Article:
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The upside of this season's Oscars was the pacing. Forty-second speeches, big smiles, no awkward moments, a 'get along' evening. Maybe that's what the world needs now—speeches tailored for warm responses. A tearful John Travolta solemnly introduces In Memoriam. Touching!

The high for music fans was the live orchestra under the leadership of Ricky Minor. Minor cut a showbiz path as music director for Ray Charles, Alicia Keys, Whitney Houston, Beyonce, then the Grammy and Super Bowl. With the Hollywood film Babylon in the mix and soundtrack embedded with 1930s swing, Minor often pushed the orchestra along with a flair for the big band sound of the late Count Basie Orchestra. The musicians were flexible in landing the prime moment of the evening, performing the Best Original Song, Naatu Naatu, from the epic Indian war film RRR. With sleepy tunes in the mix and one truly messy effort from David Byrne- Son Lux, composer M. M. Keeravani based Natuu, Natuu on the traditional beats of folk songs in Indian Villages. The marriage of dance, rhythm and song was exhilarating.

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The good, the bad, the not ugly.

The good. Now is the time for Elvis's impersonator, Austin Butler, to drop the Elvis shtick. Maybe the Ricky Nelson story awaits. The bad. The Banshees of Inisherin, The Fablemans, RRR, Top Gun: Maverick were, by all counts, the best of the lot. The not ugly? We've long been fans of Jamie Lee Curtis. We've watched many an award show with Curtis in attendance, and her cheerful presence and ambitious hand-clapping infectious. She's 'roots' Hollywood and supports like a lead cheerleader from Hollywood High. The award was more about endurance and coolness. Through the decades, Curtis has kept disappointment in check and soldiered on. Bravo!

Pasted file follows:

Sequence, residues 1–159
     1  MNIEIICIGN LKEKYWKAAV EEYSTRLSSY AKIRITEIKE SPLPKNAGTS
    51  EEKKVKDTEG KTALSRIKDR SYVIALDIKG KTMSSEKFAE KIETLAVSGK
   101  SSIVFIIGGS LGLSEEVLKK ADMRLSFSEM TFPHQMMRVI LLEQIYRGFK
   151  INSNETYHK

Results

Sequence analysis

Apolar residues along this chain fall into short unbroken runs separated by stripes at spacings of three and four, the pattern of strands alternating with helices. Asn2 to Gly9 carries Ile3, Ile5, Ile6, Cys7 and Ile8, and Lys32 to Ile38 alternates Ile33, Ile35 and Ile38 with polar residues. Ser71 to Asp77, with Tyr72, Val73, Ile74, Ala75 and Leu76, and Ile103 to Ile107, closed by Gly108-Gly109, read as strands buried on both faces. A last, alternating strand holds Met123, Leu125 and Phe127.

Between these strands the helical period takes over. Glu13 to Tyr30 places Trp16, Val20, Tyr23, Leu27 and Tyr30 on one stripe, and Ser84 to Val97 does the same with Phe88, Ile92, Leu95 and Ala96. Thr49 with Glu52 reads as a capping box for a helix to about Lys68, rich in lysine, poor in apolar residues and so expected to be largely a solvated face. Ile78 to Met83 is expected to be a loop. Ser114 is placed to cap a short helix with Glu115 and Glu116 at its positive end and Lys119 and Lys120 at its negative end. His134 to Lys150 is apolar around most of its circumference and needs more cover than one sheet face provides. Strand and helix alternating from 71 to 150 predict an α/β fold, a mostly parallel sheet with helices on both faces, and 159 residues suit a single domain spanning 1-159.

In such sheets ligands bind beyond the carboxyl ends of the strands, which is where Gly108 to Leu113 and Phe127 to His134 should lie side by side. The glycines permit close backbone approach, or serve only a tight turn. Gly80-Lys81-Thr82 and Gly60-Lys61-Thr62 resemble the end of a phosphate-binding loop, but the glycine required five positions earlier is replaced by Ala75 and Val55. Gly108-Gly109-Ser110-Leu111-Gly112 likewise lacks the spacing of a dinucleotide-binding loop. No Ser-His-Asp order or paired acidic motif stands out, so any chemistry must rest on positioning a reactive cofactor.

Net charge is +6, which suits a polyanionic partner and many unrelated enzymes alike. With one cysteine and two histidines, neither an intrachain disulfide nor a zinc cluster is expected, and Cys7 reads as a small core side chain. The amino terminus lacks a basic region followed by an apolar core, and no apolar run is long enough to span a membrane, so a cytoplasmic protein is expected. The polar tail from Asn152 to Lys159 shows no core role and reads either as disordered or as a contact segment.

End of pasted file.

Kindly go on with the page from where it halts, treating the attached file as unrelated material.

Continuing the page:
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Jade Eagleson
Ryan Nolan

Jade Eagleson

Country

Canadian Country Music Association Awards 2024 Nominations: Jade Eagleson, Mackenzie Porter Lead The Pack

The two platinum-selling singer/songwriters have scored six nominations each for the CCMA Awards, with The Reklaws and Josh Ross hot on their heels. The biggest night in Canadian country takes place on Sept. 14 at Rogers Place in Edmonton.

Today (July 18), the Canadian Country Music Association (CCMA) announced the official nominees for the 2024 CCMA Awards. Topping the list of contenders with six nods apiece are Jade Eagleson and MacKenzie Porter, the latter of whom will co-host the awards show alongside American country star Thomas Rhett.

Hot on their heels with five nominations apiece are The Reklaws and Josh Ross, while High Valley, Owen Riegling and Dallas Smith are each cited in four categories. Other notable Canadian artists making the list include Dean Brody, Steven Lee Olsen, James Barker Band, Brett Kissel, Tenille Townes and Lindsay Ell.